AI news-writing system deemed too dangerous to release

Fake news
Image credit: Rawpixel on Unsplash (Image credit: Rawpixel on Unsplash)

OpenAI, a company backed by Elon Musk, has decided not to release an AI system that can generate news stories and fiction on the grounds that it could be dangerous in the wrong hands.

OpenAI is a non-profit company that aims to finding a way to safely bring about artificial general intelligence. Normally it releases its research to the public, but its latest AI model, known as GPT-2, is reportedly so convincing that it has too much potential for misuse, generating huge volumes of misleading news stories.

GPT-2 takes a sample of text (a few words of several paragraphs) and predicts the following sentences in a similar style, with surprisingly plausible results.

The system was trained using a dataset of roughly 10 million news articles sourced by trawling Reddit – several times the size of those used by previous state-of-the-art systems.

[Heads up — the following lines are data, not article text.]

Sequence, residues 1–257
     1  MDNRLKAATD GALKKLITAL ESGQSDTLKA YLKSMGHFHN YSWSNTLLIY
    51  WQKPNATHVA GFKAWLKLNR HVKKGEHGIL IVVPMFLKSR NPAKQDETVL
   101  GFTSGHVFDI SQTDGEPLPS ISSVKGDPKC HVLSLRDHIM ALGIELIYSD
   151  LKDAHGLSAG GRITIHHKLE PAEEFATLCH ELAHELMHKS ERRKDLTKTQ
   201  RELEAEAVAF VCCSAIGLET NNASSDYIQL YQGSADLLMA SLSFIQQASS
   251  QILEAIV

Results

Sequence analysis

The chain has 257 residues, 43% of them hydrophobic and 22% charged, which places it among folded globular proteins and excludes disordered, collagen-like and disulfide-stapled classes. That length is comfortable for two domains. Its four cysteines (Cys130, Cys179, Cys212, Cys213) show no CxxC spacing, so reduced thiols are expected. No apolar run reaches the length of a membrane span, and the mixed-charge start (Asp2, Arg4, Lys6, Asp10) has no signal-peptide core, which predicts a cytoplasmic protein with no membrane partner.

The sheer volume of data gave the system a much better understanding of written language, and means it's more general purpose than other systems. The Guardian reports that it's able to pass simple reading comprehension tests, and translate and summarize text – often better than systems built for those specific purposes.

Telling tall tales

To demonstrate why it's keeping GPT-2 under wraps, OpenAI created a tweaked version of the system that can generate an infinite stream of positive or negative product reviews.

It's also possible that GPT-2 could develop biases due to its unfiltered dataset, learning from news stories written with an agenda and feeding that influence into its own work.

OpenAI says that, as systems like GPT-2 become commonplace, "The public at large will need to become more skeptical of text they find online, just as the 'deep fakes' phenomenon calls for more skepticism about images."

"We need to perform experimentation to find out what they can and can’t do,” said Jack Clark, OpenAI's head of policy. “If you can’t anticipate all the abilities of a model, you have to prod it to see what it can do. There are many more people than us who are better at thinking what it can do maliciously.”

Cat Ellis

Cat is the editor of TechRadar's sister site Advnture. She’s a UK Athletics qualified run leader, and in her spare time enjoys nothing more than lacing up her shoes and hitting the roads and trails (the muddier, the better)